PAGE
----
27.9.10

MAVIR Talk: Elliphant: A Machine Learning Method for Identifying Subject Ellipsis and Impersonal Constructions in Spanish

Elliphant: A Machine Learning Method for Identifying Subject Ellipsis and Impersonal Constructions in Spanish
By: Luz Rello (U. of Wolverhampton / U. Pompeu Fabra)
Date: Oct. 1st, 2010 - 12:00
Place: Sala 2.24 Fac. de Psicología, UNED c/ Juan del Rosal, 10 28040 Madrid

This seminar will present Elliphant, a machine learning system for classifying Spanish subject ellipsis as either referential or non-referential. Linguistically motivated features are incorporated in a system which performs a ternary classification: verbs with explicit subjects, verbs with omitted but referential subjects (zero pronouns), and verbs with no subject (impersonal constructions). To the best of our knowledge, this is the first attempt to automatically identify non-referential ellipsis in Spanish.

In order to enable a memory-based strategy, the ESZIC Corpus was created and manually annotated. The corpus is composed of Spanish legal and health texts and contains more than 6,800 annotated instances. A set of 14 features were defined and a separate training file was created, containing the instances represented as vectors of feature values. The training data was used with the Weka package and a set of optimization experiments was carried out to determine the best machine learning algorithm to use, the parameter optimization, the most effective combinations of features, the optimal number of instances needed to train the classifier, and the optimal settings for classifying instances occurring in different genres. A comparative evaluation of Elliphant with Connexor's Machinese Syntax parser shows the superiority of our system. The overall accuracy of the system is 86.9%.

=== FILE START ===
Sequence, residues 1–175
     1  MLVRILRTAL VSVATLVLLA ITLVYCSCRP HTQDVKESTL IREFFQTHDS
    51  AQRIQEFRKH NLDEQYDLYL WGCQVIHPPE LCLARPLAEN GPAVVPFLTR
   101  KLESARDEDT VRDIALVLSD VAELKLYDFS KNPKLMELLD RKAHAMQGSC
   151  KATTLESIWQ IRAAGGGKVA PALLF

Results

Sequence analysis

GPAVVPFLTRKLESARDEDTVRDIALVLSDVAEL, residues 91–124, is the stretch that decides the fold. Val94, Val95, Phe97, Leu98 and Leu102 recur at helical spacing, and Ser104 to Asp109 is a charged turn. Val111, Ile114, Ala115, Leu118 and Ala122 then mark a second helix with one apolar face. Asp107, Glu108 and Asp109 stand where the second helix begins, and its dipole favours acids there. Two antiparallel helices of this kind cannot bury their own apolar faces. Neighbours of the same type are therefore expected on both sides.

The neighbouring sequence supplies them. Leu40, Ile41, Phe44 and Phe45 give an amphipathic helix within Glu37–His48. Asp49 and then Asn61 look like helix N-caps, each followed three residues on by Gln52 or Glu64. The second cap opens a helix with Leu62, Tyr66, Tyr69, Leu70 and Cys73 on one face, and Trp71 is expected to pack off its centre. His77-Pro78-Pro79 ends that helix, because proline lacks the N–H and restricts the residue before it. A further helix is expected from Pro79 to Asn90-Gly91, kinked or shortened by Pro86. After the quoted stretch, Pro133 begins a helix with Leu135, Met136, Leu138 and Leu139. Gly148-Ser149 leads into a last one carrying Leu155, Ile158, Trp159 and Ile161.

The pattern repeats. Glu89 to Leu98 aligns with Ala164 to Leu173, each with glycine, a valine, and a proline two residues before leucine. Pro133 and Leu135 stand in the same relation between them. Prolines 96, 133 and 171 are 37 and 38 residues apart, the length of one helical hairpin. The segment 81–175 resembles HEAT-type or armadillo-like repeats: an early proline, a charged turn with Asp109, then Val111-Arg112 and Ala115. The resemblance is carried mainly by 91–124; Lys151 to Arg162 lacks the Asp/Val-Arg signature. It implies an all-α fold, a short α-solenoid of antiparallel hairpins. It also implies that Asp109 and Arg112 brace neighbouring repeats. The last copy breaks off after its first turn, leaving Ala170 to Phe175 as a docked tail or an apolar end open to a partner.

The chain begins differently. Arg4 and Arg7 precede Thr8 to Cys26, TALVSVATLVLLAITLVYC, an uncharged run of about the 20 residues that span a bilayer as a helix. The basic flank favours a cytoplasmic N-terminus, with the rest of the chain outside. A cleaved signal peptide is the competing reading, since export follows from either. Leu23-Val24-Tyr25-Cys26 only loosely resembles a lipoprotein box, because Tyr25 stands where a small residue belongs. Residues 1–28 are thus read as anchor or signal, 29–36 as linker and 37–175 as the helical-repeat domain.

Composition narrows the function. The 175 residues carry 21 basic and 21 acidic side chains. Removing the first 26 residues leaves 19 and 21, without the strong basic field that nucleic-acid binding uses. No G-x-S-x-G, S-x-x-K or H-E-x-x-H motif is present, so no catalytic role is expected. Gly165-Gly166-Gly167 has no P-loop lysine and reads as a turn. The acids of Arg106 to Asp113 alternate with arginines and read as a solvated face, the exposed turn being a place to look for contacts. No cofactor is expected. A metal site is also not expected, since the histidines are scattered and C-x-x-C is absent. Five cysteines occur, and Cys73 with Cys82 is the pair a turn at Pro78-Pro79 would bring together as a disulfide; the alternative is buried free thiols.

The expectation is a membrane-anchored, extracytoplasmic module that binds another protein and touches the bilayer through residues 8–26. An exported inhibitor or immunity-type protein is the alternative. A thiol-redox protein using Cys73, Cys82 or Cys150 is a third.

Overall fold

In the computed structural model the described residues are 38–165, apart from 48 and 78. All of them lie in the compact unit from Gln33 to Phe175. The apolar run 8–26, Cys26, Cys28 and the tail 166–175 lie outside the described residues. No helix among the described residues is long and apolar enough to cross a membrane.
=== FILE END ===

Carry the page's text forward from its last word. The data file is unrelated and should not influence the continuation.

Due to the fairly frequent elision of subjects in Spanish, this system is useful as the classification of elliptic subjects as referential or non-referential can improve the accuracy of Natural Language Processing where zero anaphora resolution is necessary, inter alia, for information extraction, machine translation, automatic summarization and text categorization.